April 12, 2006
Some women get movie-star crushes. I get “food crushes.” They’re a bit different in that I’m not exactly infatuated with a person, but with a dish. I fell in love with Mark Ladner’s Veal Saltimbocca at Lupa in New York and Matthew Greenbaum’s fig roasted in port with brillat savarin and candied pecans at Graton’s Underwood Bistro.
But since dining out tends to be a bit more expensive than, say, renting all of George Clooney’s movies, I occasionally subsidize my crushes by working in the restaurant where the food is created. That way I get to enjoy it nightly, for free. So when I went after a serving job based on lettuce cups that paired the crispness of iceberg lettuce, delicately seasoned beef and spicy Sriacha I also met Timothy Herrlein of Frederick’s Bistro in Incline Village.
Herrlein opened Frederick’s with his brother Bryn in 2001 as a tribute to their late father Frederick, who’d always dreamed of opening a family restaurant. Their childhood revolved around food ” and not Hot Pockets and McDonald’s either ” Tim says. Their dad started one of California’s first exotic food and wine import companies in 1979.
“Open up the fridge,” recalls Tim, and “it smelled like a cross between Limburger cheese and bacon.”
Tim followed a path similar to his dad’s after getting a degree in biochemistry from CU Boulder, his desire to become a doctor nipped in the bud by a corpse’s head on the prep table in anatomy class. He left Boulder for San Francisco and started Orbsco ” a wine and oil export business. Tired of the daily grind, Tim enlisted Bryn, a California Culinary Academy graduate, to open a fusion restaurant in the mountains.
The brothers Herrlein moved up to Tahoe and opened Frederick’s in the space formerly occupied by Jack Rabbit Moon.
Recommended Stories For You
Bryn left the restaurant after the first year, leaving to work as a personal chef. Tim pressed on, creating dishes that reflected his culinary mentors, chefs Mike LaMonte of Colorado’s Hotel Boulderado and Kamo Yamasaka ” a master chef from Japan.
The food at Frederick’s is pan-Asian fusion with some of Bryn’s French influences lingering in the entrees. The menu changes seasonally, but always includes sashimi and unique sushi rolls. Main dishes are more varied, using the freshest, highest quality ingredients. A current favorite is the natural pork loin stuffed with Gouda and walnuts, finished with a dried-cherry demi-glace.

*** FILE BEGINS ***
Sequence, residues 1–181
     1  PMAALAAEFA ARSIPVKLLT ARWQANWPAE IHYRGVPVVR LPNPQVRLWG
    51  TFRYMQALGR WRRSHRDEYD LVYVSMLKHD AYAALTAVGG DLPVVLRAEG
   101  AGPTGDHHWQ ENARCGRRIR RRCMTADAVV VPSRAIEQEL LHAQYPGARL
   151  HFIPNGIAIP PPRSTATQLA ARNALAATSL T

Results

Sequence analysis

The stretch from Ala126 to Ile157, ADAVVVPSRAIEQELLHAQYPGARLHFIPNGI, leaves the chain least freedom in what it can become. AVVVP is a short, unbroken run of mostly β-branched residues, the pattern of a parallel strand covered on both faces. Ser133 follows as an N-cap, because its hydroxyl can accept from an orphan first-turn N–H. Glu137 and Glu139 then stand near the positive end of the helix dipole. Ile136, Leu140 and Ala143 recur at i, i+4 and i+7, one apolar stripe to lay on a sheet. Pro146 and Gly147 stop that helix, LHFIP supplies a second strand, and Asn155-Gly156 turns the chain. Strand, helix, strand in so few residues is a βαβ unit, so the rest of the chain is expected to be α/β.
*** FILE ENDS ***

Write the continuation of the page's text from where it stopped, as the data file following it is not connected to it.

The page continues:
Knowing the neighborhood-restaurant atmosphere of Fred’s and the cuisine, it might come as quite a surprise to learn that Herrlein’s next restaurant venture is a 200-seat pizzeria and wine bar called Ciao, set to open in Reno mid-May. But Tim calls it a natural progression. His father, a first-generation Austrian-Italian immigrant, loved Northern Italian cuisine, as does Tim and, it appears, a lot of people. Spurred on by the Batali-revolution in New York, Northern Italian-influenced restaurants are popping up all over L.A. and San Francisco.
With Ciao, Tim sees an opportunity to bring that style and quality of cooking to Reno. And, after eating at restaurants like A16 and Delfina in San Francisco, he realized that the thin, airy crusts, fresh mozzarella and tangy sauce of a Neapolitan-style pizza would complement the cured meats, like those handcrafted at Salumi, Armandino Batali’s artisan shop in Seattle, and fine cheeses of the North perfectly. The pizzas at Ciao Pizzeria + Wine Bar will be cooked in a brand-new wood fired oven, infusing the crusts with the flavors of apple wood and walnut and topped with tasty ingredients like house-made salsiccia (a spicy sausage), braised fennel and chili-infused oil.
Mary Young, formerly of Incline’s Cafe 333 and Northern Nevada’s only advanced sommelier and certified wine educator, will preside over the restaurant’s extensive wine list. Ciao will pour more than two-dozen wines by the glass and offer another 150 by the bottle. The list will include lesser-known Italian varietals like Aglianco as well as preeminent vintages from California and the world over. The restaurant’s sweeping wine bar will also double as a retail shop for patrons eager to pair great wines with their culinary adventures at home.
Ciao will also offer entertainment and late-night eats on weekends, a wine club and lots of atmosphere. The building, an old transmission shop just south of Neil Road on South Virginia, is in the final stages of architectural conversion. In the end, it will boast a sun-soaked outdoor patio, three bars, and lots of seating. Perfectly situated for a pre-movie dinner when the new Cineplex opens up, and with prices $7-$27, Ciao will quickly become a Reno hotspot.
I won’t be working at Ciao ” but with my preferred Frederick’s employee status, you can be sure to find me there frequently, snacking on Herrlein’s menu creations and swirling a glass of wine.
907 Tahoe Boulevard
Incline Village, NV
Ciao Pizzeria + Wine Bar
7111 South Virginia Street (South of Neil Road)
Reno, NV 89511